Part 2, clause 5 requires village operators inter alia to have regard to the age and health of residents or the prospective resident.

Given the growth in aged care delivery in the form of Home Care Packages under the Aged Care Act 1997 and the growth in the delivery of Home Care Packages by aged care providers who are also village operators, it is apparent that such dual operators have a vested interest in targeting prospective residents who are approved for a Home Care Package. In such cases, the dual operator not only stands to gain financially from the sale of a residential unit, but also from providing aged care through a Home Care Package.

Such a vested interest and the commercial behaviour it inevitably prompts may not be not in the best interests of all residents. It is in the best interests of residents that they are informed by the village operator that, under consumer-directed care, residents have the right and obligation to choose a provider of care as part of their HCP.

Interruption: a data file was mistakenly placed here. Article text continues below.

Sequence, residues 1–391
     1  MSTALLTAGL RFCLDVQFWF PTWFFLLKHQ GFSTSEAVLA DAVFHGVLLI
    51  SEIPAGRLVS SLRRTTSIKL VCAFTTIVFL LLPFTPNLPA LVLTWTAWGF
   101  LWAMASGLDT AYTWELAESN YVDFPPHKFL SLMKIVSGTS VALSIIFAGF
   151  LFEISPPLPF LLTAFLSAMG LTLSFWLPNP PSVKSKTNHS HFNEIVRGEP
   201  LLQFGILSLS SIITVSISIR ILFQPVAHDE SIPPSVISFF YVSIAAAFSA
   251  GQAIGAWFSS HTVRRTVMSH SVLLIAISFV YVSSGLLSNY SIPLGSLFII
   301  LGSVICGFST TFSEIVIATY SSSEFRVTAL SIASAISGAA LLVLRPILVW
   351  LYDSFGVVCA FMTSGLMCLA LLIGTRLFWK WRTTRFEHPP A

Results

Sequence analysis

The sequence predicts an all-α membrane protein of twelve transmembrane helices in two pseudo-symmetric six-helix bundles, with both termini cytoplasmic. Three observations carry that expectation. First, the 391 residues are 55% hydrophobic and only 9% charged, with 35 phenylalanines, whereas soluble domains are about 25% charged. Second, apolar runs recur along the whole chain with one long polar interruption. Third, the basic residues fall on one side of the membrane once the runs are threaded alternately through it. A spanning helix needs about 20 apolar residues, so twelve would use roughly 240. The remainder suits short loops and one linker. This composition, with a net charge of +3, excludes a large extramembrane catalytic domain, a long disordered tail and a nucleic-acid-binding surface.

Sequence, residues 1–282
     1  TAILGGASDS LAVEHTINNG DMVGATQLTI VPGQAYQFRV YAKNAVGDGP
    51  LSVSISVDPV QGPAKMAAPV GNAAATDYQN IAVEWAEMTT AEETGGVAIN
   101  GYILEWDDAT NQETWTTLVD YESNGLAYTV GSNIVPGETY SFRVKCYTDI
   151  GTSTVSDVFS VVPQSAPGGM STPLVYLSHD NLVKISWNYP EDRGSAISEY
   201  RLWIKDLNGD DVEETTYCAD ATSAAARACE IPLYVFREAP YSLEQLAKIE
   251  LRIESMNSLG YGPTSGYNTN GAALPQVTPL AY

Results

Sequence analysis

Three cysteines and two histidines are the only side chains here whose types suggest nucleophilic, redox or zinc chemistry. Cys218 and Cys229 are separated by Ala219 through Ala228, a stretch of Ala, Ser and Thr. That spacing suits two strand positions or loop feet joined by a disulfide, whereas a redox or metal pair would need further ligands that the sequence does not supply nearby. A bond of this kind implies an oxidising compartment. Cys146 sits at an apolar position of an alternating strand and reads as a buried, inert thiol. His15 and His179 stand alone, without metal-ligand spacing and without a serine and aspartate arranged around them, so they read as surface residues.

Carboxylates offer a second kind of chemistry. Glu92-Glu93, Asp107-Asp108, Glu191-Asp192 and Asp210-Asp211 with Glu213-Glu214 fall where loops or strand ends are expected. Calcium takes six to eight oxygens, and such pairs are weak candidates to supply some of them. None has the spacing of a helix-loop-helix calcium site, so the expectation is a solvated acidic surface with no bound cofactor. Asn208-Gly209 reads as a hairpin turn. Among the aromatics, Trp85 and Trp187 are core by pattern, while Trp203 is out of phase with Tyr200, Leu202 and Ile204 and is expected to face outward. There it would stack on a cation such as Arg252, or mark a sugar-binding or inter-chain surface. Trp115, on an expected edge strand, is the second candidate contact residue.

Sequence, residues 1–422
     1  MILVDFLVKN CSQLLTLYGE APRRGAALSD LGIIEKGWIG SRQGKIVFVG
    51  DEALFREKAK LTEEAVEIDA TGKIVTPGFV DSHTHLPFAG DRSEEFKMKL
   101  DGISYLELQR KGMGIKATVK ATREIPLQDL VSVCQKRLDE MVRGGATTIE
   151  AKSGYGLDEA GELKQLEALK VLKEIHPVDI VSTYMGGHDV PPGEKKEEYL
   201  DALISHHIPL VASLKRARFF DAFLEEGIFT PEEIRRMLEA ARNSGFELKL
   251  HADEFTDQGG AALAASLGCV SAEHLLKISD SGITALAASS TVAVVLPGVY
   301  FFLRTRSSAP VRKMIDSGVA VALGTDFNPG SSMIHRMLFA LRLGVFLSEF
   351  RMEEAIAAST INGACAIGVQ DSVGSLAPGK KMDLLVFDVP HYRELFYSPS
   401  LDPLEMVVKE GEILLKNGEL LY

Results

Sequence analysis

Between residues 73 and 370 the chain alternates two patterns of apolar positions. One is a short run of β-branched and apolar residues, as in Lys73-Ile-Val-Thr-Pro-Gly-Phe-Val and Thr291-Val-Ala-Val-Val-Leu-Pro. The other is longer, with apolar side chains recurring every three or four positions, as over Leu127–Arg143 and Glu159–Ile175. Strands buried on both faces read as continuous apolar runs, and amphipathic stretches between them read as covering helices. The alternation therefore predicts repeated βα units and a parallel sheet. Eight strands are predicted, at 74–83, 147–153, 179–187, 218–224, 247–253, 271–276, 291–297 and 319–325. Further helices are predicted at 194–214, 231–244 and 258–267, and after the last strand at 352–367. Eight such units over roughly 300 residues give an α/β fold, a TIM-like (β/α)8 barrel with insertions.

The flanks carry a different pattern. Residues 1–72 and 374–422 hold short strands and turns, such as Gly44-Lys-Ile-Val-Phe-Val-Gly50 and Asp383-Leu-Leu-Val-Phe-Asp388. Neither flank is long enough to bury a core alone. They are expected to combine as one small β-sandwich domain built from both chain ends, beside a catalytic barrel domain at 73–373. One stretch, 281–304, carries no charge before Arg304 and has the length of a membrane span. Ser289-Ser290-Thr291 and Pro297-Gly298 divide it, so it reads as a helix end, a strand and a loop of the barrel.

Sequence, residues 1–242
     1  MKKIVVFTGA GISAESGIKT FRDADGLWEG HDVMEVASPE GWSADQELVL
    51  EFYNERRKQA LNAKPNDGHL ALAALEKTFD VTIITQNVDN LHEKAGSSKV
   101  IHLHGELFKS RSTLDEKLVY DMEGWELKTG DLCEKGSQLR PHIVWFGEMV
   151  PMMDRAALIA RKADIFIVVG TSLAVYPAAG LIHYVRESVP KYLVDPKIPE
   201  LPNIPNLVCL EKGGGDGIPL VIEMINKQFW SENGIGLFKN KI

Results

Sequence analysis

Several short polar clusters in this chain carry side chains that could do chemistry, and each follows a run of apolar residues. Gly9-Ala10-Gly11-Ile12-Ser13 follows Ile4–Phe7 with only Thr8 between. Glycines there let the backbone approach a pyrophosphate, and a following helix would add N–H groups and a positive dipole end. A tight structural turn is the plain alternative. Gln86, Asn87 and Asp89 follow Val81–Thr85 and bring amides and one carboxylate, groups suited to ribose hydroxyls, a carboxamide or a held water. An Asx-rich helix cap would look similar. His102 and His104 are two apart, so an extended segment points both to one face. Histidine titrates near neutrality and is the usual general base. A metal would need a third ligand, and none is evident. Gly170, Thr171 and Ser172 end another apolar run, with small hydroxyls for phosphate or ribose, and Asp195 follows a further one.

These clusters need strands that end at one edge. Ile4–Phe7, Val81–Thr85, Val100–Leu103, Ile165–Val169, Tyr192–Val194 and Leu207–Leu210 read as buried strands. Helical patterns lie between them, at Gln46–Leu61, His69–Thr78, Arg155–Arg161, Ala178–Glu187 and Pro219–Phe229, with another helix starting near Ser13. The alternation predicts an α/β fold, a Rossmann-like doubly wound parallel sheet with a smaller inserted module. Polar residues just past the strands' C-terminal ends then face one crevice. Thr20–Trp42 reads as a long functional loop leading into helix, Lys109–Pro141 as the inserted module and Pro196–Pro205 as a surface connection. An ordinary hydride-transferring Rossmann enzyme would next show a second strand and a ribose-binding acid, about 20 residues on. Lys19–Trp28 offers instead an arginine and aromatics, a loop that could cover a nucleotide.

1. CPSA recommends that a rule be imposed on village operators which requires them to clearly and unequivocally communicate to residents, prospective residents or their representatives that they have the right and obligation to choose a provider if they are the recipient of an HCP, and that this provider need not be the village operator if that village operator is also a provider of HCP care.

CPSA suggests that acting in the best interests of all residents would require an operator to disclose whether the accommodation they provide is suitable for occupation by residents with severe cognitive decline that may lead them to display anti-social behaviour or to place their own security at risk, for example through wandering.